YogaCowGirl shares her eclectic and grounded mix of yoga, music, chanting, farming and husbandry through her artistic wordsmithing on her blog and on her CDs. Just witnessing her productivity and clarity will help you find your own. Here’s her reflection on effort and stillness as the yoga of husbandry. Enjoy!
For me, yoga practice has been a quest to pay attention. Yoga meditation helps me pay more attention to my relationships with others, to slow down and breathe rather than have knee jerk reactions to the words and actions of others. Hatha yoga helps me pay more attention to the body, to which muscles need loosening or strengthening, to where tension is creeping in, to the effects of food on my well-being. The study of yoga philosophy helps me learn more about the world around me and how science, philosophy and practice can improve life for me and others who connect with me.
As the owner of a 40 acre property, I pay attention to the land and its cycles as well. From year to year, we see the effects of global warming as trees bloom earlier every year, as wet summers beset our typically Mediterranean (dry summer) climate, and as winter storms grow increasingly violent. Paying attention to all these macro environmental changes, in fact, provides this yogi’s call to action to steward the land. If I care deeply for the land, then I must do the most I can possibly do to stop aggravating global climate change.
Sometimes stewardship means just leaving the land alone. Last year, we put a conservation easement (http://www.trlc.org) on 19 acres of forest to ensure that future generations would leave the land, its trees, and the stream running through it — alone. Our job now is to simply pay attention to the forest, assist in a few ways (like removing invasive weeds), and allow it to thrive.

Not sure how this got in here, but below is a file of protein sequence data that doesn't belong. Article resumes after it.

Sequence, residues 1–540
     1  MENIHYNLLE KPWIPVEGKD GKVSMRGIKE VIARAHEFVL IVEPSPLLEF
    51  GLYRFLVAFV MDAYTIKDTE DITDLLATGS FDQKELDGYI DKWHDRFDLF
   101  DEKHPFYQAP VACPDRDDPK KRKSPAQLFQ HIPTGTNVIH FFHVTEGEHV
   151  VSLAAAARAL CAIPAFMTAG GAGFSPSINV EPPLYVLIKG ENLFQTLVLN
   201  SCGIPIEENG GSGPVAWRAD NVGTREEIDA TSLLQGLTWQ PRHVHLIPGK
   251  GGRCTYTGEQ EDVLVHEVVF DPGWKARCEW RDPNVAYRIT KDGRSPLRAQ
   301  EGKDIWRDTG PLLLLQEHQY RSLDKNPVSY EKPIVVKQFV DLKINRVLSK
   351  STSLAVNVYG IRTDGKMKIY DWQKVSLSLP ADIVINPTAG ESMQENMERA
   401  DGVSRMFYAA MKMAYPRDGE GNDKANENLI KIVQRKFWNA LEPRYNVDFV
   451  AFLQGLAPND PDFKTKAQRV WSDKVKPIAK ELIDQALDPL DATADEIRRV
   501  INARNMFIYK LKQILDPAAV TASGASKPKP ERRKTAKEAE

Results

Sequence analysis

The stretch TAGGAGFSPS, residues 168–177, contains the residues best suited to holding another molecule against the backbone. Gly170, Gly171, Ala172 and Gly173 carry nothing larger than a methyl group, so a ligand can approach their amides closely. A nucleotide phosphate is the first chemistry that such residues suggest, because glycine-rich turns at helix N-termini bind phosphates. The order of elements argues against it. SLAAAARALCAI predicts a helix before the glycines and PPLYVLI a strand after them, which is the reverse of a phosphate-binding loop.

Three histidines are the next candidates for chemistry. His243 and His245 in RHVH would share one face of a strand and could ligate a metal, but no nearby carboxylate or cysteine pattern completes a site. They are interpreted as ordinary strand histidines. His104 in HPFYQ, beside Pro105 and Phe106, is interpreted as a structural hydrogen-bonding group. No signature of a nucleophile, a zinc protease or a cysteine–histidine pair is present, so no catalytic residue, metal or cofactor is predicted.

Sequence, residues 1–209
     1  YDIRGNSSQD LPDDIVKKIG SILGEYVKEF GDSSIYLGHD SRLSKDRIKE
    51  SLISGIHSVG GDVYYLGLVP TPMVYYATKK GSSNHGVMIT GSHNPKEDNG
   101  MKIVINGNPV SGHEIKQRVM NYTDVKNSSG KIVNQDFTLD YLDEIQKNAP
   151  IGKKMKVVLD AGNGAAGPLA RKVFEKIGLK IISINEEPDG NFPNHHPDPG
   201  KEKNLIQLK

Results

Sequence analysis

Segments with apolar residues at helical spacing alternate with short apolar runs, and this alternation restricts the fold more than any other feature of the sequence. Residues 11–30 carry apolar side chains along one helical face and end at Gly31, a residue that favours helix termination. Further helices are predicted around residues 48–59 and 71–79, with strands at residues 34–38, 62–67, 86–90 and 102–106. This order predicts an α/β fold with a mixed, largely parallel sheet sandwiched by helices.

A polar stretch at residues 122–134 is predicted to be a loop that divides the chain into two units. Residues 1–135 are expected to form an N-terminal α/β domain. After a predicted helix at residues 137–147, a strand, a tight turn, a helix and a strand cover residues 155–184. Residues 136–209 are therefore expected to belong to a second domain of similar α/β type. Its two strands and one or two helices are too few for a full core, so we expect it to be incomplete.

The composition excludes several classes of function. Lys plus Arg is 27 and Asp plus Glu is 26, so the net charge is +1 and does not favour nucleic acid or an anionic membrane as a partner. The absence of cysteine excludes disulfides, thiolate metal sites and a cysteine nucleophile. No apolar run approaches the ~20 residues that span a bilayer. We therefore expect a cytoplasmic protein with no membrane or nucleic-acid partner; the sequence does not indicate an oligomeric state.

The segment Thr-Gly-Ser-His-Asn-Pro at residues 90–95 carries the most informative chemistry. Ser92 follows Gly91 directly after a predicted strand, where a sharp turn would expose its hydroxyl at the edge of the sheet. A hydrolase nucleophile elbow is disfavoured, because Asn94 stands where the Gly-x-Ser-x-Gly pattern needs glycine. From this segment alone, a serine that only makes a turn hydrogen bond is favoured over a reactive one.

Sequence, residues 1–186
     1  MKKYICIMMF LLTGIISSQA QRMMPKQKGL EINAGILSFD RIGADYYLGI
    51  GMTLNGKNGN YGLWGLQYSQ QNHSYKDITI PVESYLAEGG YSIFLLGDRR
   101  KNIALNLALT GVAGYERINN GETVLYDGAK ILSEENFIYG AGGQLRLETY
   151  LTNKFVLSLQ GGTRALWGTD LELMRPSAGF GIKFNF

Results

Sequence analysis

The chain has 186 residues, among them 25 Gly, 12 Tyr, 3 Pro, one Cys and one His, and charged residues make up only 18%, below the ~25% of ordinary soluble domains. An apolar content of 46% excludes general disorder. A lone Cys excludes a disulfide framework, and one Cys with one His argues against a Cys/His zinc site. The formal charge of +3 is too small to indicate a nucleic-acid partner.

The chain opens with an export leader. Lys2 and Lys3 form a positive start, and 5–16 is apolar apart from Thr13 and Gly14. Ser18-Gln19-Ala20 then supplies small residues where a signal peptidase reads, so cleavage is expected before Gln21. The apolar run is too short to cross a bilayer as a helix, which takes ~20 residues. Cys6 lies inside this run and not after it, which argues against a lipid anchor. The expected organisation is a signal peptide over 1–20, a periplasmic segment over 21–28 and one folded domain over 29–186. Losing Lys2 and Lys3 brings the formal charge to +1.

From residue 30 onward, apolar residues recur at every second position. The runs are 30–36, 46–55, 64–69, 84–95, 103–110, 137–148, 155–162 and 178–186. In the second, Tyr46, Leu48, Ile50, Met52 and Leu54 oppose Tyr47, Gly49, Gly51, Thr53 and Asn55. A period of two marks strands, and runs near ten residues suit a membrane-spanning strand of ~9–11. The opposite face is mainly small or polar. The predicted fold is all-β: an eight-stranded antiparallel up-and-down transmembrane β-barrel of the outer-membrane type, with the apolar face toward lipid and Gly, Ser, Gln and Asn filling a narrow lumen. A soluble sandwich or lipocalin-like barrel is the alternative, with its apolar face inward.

Sometimes stewardship needs to get more active. In order to be as responsible a world citizen as possible, I decided to go completely organic on the entire property, including the remaining farm acreage. We passed our third organic certification inspection (http://www.tilth.org) this year, and happily added every flower, shrub and tree growing here to our certification list of plants that we are allowed to label “organic” when we sell them.
Being organic means I have to pay much more attention to my crops and plants than the typical farmer does. I cannot pre-spray for anticipated pests or weeds, like big agricultural operations do. I must hand pull every weed and use non-toxic soap on pest infected plants. I also use predatory insects that eat pests and then leave the site to integrate into the land. Predators can only be applied at the moment a pest is attacking a plant or they won’t have anything to eat. I rotate crops to “fool” pests into thinking their food source has left the area and to distribute the feeding needs of various crops.
This attention paid to plants develops my love for them and for witnessing their life cycle. Keeping the property free of harmful chemicals has invigorated our bird, bee, and insect population. We feel that the property is becoming an oasis for life through our actions of stewardship and attention.
Isn’t that what every yogi wants, to be an oasis of life, of calm, of peace on this planet so that we may help bring others to drink from our waters of self and be calmed and invigorated?